In 1966 he became vice-president of Sinatra Enterprises in the record and music-publishing divisions and story editor. The Chairman– a 1969 spy film starring Gregory Peck– was based on a novel by Kennedy. His third of four novels was Favor the Runner.

Then, in the 970s, he took on again a new persona. He studied psychotherapy and not letting Calif. Licensing laws get in the way, he began to formulate his own form of therapy and opened the Center for Human Problems Inc. in Tarzana. My clients, who we will call Scott and Donna Bailey entered that world in 1983 as Kennedy was now in his 70’s.

Typically of therapeutic cults, therapists on staff were also patients of Mr. Kennedy, some having arisen from patient to therapist. Two therapists were lovers of Mr. Kennedy and simultaneously lived with him. One of the women, Ilene Adler, referred to herself as Mr. Kennedy’s wife, although it was suspected this was not true. Patients had had affairs with Mr. Kennedy as well.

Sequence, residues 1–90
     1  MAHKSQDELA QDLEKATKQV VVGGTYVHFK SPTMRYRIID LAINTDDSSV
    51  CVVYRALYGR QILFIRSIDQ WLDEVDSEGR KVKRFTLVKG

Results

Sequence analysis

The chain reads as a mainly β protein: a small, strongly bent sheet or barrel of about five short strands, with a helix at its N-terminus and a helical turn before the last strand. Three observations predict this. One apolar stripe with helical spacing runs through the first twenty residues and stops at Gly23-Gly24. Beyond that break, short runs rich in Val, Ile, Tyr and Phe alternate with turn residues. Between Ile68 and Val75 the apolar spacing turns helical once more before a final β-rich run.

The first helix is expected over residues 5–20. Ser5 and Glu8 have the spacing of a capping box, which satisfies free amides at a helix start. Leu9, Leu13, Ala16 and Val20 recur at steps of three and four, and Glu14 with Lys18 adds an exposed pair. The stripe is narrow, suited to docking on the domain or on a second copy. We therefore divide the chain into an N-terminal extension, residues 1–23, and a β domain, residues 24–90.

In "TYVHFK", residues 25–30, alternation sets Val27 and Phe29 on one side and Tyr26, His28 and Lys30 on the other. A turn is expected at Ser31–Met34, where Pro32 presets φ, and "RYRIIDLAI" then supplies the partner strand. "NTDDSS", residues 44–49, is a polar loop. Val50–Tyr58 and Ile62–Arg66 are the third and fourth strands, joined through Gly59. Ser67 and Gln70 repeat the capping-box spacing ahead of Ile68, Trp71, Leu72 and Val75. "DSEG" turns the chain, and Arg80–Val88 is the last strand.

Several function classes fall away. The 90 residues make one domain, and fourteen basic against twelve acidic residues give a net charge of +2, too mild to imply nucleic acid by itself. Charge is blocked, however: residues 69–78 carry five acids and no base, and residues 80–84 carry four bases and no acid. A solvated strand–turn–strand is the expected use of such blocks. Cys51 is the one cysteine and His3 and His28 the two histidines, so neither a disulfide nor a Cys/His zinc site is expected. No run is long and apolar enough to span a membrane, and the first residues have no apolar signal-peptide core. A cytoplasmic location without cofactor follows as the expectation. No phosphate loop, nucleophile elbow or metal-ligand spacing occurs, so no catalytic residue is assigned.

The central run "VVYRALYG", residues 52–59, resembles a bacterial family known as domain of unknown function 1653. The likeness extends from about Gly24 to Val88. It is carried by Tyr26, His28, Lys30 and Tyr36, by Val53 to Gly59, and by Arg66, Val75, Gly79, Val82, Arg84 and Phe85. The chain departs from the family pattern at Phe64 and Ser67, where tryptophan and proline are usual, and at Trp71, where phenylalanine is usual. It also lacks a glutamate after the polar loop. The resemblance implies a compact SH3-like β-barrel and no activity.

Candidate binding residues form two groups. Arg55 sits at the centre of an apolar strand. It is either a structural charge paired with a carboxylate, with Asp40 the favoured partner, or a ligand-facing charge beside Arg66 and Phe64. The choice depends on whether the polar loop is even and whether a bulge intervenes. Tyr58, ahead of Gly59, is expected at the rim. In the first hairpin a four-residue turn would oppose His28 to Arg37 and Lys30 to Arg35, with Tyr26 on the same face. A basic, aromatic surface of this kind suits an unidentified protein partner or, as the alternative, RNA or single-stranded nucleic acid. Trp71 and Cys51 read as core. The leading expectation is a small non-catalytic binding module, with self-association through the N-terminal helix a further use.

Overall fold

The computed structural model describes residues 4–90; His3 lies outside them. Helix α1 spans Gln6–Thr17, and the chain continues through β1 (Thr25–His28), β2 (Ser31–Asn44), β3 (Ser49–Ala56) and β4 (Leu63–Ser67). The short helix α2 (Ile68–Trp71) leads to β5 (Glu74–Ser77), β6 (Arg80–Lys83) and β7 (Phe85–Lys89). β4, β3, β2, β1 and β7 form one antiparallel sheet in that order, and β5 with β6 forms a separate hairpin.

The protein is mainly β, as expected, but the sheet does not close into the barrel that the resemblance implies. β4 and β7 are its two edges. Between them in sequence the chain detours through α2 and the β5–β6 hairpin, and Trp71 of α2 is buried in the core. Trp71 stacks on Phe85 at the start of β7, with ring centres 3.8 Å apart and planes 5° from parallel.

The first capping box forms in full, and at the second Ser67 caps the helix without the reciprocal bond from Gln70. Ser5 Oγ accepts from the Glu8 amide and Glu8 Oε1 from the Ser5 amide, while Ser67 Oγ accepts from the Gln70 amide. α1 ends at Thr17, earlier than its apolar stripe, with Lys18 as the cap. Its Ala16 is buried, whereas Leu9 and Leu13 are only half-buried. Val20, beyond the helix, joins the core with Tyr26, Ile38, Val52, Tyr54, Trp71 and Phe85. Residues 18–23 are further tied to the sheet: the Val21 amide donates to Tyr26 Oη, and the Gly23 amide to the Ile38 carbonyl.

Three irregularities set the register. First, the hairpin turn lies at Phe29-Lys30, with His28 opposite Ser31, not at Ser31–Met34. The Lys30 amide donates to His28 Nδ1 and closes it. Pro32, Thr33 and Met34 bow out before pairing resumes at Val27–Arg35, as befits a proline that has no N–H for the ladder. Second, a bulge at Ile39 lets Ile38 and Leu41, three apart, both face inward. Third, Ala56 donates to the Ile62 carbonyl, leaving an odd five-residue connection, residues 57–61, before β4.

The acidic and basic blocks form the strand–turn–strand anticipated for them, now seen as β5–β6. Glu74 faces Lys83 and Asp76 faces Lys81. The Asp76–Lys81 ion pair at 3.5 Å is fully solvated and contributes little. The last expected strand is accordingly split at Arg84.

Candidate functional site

The environment was definitely cultish, the intent appearing to be to keep the patient as long as they could continue to be a source of income and promulgate the centers “new theories.” The main concept was one must continue a life goal to be perfect like “Jay;” the goal is lifelong because Jay is always evolving to a higher state. Like Scientology, a new theory was always being added to so one had to keep learning to reach the next renewal level.

As in typical therapeutic cults, a single theory is applied to all. All would become worse if they ever left the therapy. All problems stemmed from their parents. The therapy taught was the best theory ever created and the only one that could ever work. Jay had abilities other human beings did not have, including the power to cure people others could not. He had the best memory in the world, does not get sick, will live to be 150 and can make a diagnosis on a single glance. Ultimately, patients by staying in the therapy would have the same abilities. All the other therapists had overcome physical illnesses and, patients were promised, it would happen to the patients if they continued in therapy. Each who does stay will live more than 100 years.

And each will benefit by helping mankind, and they can do so by donating money to the Center above the price of therapy so that Kennedy could have time off from practicing therapy to instead write a book on how to better mankind.